Digitised Leiden Maps and Atlases collection available in Digital Collections
Leiden University Libraries (UBL) has made more than 20.000 maps, atlases and topographical prints and drawings available in Digital Collections. With this, a significant part of one of the largest and most important collections of maps and atlases in the Netherlands has now been made digitally available for research, education and the general public. Due to copyright protections, recently published maps and atlases may not be available online; these items may be viewed digitally within library premises or can be physically consulted in the Special Collections Reading Room.
Maps and atlases – Bodel Nijenhuis collection
Although the University Library has been collecting maps and atlases from its founding, it wasn’t until 1872, with the legate of map collector Johannes Tiberius Bodel Nijenhuis (1797-1872), containing roughly 50.000 maps, 300 atlases and 22.000 topographical prints and drawings, that UBL had a substantial collection. Over 2,000 of the most important items from these collections are now available online in the Maps and atlases collection in Leiden Digital Collections. This collection is very diverse, with, for example, seventeenth-century VOC and WIC maps, maps made on the occasion of large floods or other current events, informative maps depicting cholera-epidemics in the Netherlands and unique manuscript maps, city plans, topographical prints and utility-maps with contemporary notes.
Maps and atlases from former Dutch colonies
Two of the largest collections that are now digitally available were only recently entrusted to the UBL; the KIT (Royal Tropical Institute) Dutch colonial maps collection and the KITLV (Royal Netherlands Institute of Southeast Asian and Caribbean Studies) maps and atlases collection. These collections were given on permanent loan to Leiden University Libraries in 2013 and 2014 respectively. Almost the entire colonial portion of the KIT collection is now available online. The collection contains both colonial and post-colonial maps of former Dutch colonies like Indonesia, Suriname and the Netherlands Antilles. Moreover, there is still a separate map-viewer available, containing all colonial maps from the KIT collection.
From the KITLV maps and atlases collection, over 10.000 items have been made viewable online, of which the vast majority is comprised of cartographic materials from the former Dutch East Indies and Indonesia. Almost none of these materials are still subject to copyright, making almost the entire collection viewable and downloadable for everyone, everywhere.
The smaller, but not any less important Van Keulen collection has been made digitally available in its entirety. This collection, consisting of a little over three hundred hand-drawn maps of the Atlantic Ocean, Europe, the Mediterranean, West Africa, North- and South America and the Pacific, were created at the start of the eighteenth century by the Van Keulen publishing house. The publisher likely sold these very detailed maps of coastal areas as an instrument for coastal navigation.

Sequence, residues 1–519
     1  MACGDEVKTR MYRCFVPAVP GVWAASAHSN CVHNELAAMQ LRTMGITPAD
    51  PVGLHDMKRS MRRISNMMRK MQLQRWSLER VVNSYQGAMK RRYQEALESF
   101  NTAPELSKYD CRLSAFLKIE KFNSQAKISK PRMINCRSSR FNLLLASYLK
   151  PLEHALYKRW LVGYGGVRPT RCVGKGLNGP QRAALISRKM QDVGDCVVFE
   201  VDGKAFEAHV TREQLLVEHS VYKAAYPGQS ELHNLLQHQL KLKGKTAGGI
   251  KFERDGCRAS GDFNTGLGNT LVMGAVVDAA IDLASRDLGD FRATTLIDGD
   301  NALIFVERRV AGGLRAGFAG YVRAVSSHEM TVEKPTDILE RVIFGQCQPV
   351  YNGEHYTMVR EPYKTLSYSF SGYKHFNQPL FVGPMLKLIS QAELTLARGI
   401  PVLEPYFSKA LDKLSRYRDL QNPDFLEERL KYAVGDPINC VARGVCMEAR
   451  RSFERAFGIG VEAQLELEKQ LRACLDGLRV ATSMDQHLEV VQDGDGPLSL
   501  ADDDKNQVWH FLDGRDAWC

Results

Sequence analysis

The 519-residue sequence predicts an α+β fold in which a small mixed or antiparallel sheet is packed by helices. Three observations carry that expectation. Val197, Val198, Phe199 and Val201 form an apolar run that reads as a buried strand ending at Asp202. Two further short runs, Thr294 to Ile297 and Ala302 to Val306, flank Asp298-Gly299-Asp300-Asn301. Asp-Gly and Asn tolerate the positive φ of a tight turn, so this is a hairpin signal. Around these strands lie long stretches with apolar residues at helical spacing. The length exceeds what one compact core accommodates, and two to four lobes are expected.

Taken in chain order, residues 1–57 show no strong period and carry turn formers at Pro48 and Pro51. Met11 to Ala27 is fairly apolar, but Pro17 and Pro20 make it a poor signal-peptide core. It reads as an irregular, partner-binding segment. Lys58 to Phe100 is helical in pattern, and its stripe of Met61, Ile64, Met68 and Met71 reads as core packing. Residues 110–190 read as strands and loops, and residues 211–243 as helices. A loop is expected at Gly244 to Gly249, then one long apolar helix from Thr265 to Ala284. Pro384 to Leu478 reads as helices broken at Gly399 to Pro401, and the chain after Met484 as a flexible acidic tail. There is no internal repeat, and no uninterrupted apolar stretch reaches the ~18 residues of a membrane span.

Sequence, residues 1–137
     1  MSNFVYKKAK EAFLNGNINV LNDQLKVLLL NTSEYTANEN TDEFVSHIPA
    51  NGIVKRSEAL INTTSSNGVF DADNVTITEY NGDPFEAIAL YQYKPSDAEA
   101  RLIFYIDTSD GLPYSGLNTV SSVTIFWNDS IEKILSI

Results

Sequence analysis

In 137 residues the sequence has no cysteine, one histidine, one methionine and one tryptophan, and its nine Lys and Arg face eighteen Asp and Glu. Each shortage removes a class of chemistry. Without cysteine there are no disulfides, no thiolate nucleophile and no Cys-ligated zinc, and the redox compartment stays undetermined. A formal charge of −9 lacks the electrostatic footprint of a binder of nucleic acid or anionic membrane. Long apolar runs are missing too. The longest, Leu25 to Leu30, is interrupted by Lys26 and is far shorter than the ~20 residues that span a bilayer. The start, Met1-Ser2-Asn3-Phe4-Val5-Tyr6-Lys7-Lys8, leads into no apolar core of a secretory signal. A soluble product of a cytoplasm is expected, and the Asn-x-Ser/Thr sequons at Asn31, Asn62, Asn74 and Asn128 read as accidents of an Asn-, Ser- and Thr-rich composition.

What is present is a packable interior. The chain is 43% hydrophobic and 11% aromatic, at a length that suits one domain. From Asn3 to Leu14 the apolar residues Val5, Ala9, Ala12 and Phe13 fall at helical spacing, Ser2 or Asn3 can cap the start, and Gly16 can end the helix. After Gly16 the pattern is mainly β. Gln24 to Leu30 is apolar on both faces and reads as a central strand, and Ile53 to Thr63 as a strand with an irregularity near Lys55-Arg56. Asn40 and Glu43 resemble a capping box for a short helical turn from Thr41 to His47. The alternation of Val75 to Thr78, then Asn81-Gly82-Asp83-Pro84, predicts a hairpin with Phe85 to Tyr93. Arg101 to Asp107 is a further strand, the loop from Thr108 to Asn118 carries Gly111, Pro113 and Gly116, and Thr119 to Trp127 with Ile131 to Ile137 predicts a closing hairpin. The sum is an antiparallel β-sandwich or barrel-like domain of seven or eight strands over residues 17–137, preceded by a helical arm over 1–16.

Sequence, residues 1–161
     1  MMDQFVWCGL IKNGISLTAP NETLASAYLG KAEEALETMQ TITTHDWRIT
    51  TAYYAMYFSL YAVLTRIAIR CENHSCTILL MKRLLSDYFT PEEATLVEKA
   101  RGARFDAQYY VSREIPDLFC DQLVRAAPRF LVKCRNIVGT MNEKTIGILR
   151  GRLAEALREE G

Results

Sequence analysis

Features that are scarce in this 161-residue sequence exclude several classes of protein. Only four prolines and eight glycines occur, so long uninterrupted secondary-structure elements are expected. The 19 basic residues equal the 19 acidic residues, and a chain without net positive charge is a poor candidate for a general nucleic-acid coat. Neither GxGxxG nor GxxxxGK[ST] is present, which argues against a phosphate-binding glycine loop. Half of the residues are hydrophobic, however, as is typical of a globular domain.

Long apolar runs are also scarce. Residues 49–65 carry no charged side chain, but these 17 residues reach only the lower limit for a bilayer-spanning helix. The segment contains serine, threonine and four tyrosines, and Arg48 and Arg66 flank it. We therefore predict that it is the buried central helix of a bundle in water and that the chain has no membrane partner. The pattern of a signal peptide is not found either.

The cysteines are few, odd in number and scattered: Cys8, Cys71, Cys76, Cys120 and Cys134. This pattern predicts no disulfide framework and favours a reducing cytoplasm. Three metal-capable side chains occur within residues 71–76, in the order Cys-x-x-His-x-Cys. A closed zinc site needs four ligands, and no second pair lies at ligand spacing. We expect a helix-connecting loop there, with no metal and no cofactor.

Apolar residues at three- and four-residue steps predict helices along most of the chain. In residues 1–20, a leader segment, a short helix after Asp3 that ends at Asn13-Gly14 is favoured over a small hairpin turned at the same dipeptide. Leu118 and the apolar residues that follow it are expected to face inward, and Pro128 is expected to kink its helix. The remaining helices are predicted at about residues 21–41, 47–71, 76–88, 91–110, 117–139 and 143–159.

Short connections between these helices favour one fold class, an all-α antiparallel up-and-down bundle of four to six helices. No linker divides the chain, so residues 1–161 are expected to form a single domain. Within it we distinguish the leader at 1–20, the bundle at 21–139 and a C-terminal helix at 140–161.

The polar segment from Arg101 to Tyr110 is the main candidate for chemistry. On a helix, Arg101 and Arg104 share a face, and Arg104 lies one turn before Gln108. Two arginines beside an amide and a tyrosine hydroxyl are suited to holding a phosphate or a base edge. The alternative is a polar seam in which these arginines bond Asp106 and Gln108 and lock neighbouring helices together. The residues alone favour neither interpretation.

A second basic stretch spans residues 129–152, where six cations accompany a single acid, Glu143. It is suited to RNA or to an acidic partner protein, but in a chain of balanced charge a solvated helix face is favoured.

Additionally, a separate online entrance has been made in Digital Collections for Caribbean maps and atlases from the Bodel Nijenhuis, Van Keulen, KIT and KITLV collections. This collection contains materials from the sixteenth to the twentieth century and covers the Caribbean area and Middle- and South America.
The importance of the digital maps and atlases collection
The collections of colonial maps from the Dutch East Indies, Suriname and the Antilles, one of the most complete collections in the world, are of great importance to Dutch and foreign researchers, according to Martijn Storms, curator for Maps and Atlases at UBL. Via Digital Collections, all this material is now freely available online. Especially at a time when travel movements are restricted due to the coronavirus pandemic, materials in Digital Collections may offer a solution.
For education, too, the collection provides great added value, through the enrichment of history classes in the areas of colonialism, naval history (VOC/WIC) and art history. ‘Students can easily encounter different kinds of maps, regions and geographical topics through Digital Collections. Furthermore, we are working on making georeferenced materials available as well, a process in which an old map is accurately overlaid by a modern map.’ says Storms, ‘Maps appeal to people and provide them with the opportunity to search for places from their history and, in that way, find out more about their place in history. That is true for both people in the Netherlands and, for example, for people with Indonesian roots.’
About Digital Collections
UBL makes digitised and born-digital materials available through Digital Collections. The Digital Collections platform provides a wide range of functionalities, like the ability to search printed works full text, to zoom-in on images and the ability to download high definition images. It is also possible to search by types of materials and refine searches, a connection to the library catalogue is readily available and one can search different collections at the same time. Every collection has its own collection page, ensuring easy access to individual collections. Every digital source record has been provided with a persistent link, making records suitable for reference on the internet and in academic publications. Many materials in Digital Collections have been published under a CC-BY license, which makes them usable and alterable for every user. UBL continues to add new materials to Digital Collections. New users can view our instruction video’s to optimally utilize the functionality of Digital Collections.